Financial Ombudsman Service  

Apfa publishes guidance on how to handle ombudsman

Apfa publishes guidance on how to handle ombudsman

The Association of Professional Financial Advisers has published a guidance paper to help its members understand how to deal with the Financial Ombudsman Service.

It has been published after Apfa’s discussions with the Fos and the Financial Conduct Authority.

Apfa met with both bodies to raise a number of concerns held by advisers, including the splitting of cases, the difficulty in contacting adjudicators and the calculation of compensation.

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Following these discussions it has published a guidance paper setting out how advisers should deal with the Fos and how it reaches some of its decisions.

Apfa said it found some concerns were based on misunderstanding or FOS’ policy not matching the experience of advisers.

Caroline Escott, Apfa senior policy adviser, said publishing the guidance would help hold the Fos to its word.

She said: “The way the Fos investigators make their decisions is one of our members’ top concerns.

“Now, some areas of disagreement are just that. After speaking to the Ombudsman, it became clear that on a number of issues Fos policy was good, but advisers’ frustrations arose from the fact their experiences didn’t match up with what Fos has told us ought to happen.

“The government has said it is keen to broaden consumer access to financial advice. To do so, it is vital that advisers feel able to trust that the Fos’ decisions are well-reasoned and fair.

“We would like to thank Fos for their willingness to speak with us and our members and hope that the guidance will be a useful tool for both small and large advice firms.”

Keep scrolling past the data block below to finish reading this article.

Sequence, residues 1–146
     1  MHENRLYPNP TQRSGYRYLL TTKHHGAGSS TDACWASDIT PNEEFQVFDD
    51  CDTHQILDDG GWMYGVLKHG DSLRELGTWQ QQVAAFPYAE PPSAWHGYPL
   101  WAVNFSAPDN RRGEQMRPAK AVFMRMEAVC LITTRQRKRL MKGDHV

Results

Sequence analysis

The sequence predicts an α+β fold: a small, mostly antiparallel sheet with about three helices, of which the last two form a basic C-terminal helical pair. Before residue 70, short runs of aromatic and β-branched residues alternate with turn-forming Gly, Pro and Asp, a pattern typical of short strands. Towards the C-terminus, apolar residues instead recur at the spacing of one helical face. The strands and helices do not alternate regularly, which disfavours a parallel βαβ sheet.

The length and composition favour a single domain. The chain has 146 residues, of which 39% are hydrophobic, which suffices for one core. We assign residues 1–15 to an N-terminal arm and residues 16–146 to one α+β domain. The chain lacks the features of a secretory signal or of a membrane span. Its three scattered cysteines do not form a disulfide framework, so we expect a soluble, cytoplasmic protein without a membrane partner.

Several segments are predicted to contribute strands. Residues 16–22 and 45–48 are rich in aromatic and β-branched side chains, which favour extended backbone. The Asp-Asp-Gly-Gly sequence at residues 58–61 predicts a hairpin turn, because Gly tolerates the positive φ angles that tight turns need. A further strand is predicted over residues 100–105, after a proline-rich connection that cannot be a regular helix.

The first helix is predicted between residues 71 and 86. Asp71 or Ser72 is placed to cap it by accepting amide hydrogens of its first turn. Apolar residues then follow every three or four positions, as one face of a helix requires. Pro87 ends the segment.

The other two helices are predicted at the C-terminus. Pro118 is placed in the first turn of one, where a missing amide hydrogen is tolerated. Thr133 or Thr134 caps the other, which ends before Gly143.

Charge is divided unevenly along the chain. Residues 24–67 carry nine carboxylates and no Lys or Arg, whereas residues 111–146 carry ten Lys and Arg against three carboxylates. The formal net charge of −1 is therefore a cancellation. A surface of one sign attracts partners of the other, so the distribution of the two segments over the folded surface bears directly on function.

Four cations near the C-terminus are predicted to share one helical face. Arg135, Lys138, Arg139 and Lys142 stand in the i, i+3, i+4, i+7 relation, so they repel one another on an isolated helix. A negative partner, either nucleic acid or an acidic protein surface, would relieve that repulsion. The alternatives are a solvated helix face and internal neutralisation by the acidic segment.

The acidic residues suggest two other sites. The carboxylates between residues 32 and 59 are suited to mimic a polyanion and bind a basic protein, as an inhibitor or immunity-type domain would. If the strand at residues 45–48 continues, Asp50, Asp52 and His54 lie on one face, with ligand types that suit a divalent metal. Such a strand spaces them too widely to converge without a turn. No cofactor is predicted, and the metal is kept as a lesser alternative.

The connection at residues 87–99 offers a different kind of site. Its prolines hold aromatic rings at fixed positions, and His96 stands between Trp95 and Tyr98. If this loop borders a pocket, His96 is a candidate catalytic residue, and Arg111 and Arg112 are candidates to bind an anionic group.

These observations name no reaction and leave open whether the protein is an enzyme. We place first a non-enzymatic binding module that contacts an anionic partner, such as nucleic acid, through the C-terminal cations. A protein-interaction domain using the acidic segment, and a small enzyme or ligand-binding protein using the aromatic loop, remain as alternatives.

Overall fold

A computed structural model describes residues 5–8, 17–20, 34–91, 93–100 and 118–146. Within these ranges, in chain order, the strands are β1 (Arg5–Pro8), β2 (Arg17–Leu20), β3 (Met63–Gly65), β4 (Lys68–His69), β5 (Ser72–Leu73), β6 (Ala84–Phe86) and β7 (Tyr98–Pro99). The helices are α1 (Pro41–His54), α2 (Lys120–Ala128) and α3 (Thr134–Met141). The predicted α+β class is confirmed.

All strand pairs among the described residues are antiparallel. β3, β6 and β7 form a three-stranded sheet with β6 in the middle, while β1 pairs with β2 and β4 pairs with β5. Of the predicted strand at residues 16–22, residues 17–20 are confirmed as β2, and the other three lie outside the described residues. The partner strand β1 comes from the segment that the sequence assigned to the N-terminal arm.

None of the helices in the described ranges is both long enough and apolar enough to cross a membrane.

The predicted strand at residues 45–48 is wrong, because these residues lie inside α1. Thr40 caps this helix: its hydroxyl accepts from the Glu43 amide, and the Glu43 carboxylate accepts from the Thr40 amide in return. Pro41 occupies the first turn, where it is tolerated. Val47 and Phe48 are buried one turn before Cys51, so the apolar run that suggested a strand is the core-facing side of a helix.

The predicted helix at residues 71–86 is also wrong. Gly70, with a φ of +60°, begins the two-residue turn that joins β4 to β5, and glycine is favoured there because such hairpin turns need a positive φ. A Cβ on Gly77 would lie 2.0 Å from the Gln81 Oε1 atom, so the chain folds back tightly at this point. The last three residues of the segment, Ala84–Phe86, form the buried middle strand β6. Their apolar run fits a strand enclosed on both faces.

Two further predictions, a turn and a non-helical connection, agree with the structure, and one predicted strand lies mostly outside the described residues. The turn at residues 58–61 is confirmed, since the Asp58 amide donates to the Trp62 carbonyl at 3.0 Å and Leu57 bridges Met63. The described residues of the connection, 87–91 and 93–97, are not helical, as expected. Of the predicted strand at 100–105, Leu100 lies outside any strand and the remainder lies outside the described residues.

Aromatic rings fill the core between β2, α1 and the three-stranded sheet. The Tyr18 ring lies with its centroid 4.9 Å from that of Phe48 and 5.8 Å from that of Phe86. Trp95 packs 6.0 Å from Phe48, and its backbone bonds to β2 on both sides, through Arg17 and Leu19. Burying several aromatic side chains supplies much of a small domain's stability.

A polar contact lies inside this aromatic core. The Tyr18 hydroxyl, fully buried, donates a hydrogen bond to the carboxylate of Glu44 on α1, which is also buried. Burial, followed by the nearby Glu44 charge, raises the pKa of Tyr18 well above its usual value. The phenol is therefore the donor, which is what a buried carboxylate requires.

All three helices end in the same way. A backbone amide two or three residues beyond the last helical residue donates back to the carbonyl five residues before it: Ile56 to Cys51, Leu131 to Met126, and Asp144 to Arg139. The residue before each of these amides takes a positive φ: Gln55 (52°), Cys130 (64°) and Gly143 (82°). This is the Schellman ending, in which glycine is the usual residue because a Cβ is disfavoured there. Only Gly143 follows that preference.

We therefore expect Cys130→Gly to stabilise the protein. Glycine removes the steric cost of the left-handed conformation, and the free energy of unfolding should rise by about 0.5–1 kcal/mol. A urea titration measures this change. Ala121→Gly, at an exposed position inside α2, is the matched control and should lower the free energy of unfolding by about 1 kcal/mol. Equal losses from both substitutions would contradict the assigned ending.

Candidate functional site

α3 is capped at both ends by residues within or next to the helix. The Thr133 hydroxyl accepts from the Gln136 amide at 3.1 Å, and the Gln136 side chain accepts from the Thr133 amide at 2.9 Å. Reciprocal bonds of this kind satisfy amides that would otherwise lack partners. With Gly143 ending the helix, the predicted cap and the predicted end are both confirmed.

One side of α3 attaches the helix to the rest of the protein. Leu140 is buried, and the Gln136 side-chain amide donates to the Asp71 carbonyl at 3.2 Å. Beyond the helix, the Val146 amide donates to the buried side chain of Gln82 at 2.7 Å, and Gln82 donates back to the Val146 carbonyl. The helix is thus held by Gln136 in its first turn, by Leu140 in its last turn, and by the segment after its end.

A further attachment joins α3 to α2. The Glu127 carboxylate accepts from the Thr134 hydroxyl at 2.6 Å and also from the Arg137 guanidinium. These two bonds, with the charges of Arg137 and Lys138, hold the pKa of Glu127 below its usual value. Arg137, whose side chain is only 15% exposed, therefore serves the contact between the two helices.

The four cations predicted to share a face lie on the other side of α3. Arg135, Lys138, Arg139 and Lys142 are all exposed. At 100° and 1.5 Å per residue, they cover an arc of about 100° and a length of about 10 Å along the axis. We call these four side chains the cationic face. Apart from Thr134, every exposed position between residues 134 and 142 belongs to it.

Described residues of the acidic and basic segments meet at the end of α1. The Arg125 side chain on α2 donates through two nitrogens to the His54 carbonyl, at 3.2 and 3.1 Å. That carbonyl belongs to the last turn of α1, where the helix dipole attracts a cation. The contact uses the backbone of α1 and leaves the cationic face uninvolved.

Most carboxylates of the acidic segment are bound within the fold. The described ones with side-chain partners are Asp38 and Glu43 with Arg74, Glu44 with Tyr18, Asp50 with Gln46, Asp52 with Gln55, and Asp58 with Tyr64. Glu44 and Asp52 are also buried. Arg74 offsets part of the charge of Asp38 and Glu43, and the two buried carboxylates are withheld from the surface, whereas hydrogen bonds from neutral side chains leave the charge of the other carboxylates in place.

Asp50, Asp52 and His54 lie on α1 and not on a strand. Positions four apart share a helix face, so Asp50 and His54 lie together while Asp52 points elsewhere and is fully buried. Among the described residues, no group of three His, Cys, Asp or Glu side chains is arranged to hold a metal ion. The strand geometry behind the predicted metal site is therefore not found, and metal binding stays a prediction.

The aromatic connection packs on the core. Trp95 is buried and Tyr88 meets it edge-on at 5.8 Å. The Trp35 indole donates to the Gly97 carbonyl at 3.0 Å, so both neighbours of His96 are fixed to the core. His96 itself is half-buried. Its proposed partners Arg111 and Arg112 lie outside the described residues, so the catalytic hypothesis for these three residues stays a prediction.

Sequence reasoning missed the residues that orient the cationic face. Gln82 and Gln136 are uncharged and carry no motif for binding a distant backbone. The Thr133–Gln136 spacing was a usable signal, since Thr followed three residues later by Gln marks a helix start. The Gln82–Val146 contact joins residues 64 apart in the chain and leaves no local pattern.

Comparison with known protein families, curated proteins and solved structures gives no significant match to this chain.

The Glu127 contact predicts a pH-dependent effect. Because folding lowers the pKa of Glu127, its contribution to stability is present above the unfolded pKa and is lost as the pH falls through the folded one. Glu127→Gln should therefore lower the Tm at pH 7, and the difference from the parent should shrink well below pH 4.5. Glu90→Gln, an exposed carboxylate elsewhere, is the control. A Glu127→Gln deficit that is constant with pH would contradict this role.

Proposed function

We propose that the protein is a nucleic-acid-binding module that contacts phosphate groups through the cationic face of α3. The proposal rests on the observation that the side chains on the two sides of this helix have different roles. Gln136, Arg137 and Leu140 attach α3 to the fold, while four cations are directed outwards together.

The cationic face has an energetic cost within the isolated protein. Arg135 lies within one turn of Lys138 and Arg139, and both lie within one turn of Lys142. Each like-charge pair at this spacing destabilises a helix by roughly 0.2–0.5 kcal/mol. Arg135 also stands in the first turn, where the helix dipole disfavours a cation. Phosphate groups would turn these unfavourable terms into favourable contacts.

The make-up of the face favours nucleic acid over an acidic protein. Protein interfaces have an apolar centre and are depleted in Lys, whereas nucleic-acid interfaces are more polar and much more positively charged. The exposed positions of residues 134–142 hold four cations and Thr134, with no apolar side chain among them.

On the issue of splitting cases, the Fos told Apfa that while there was guidance, decisions were taken on a case-by-case basis.

The Fos considers valid reasons for splitting cases to include advice given on one occasion to more than one client such as husband and wife, advice given on different occasions on different aspects of an individual’s circumstances and without explicit reference to the fact that each time advice is being given holistically, and where the advice given combined aspects that were regulated and unregulated.

Meanwhile the Fos has agreed it is reasonable for advisers to expect to be able to explain their position to an investigator and they consider it good practice for investigators to make pro-active efforts to hear both sides’ stories directly.

Advisers who have not been able to access an investigator can speak to their manager, the Fos has said.

With regards to compensation, the Fos said it aims to put the consumer as close to the position they would have been in had they not been given unsuitable advice.

It often uses the WMA index which is a composite index, with an overall mix is approximately 55 per cent in equities, 35 per cent in fixed interest and 10 per cent in cash, property and hedge funds.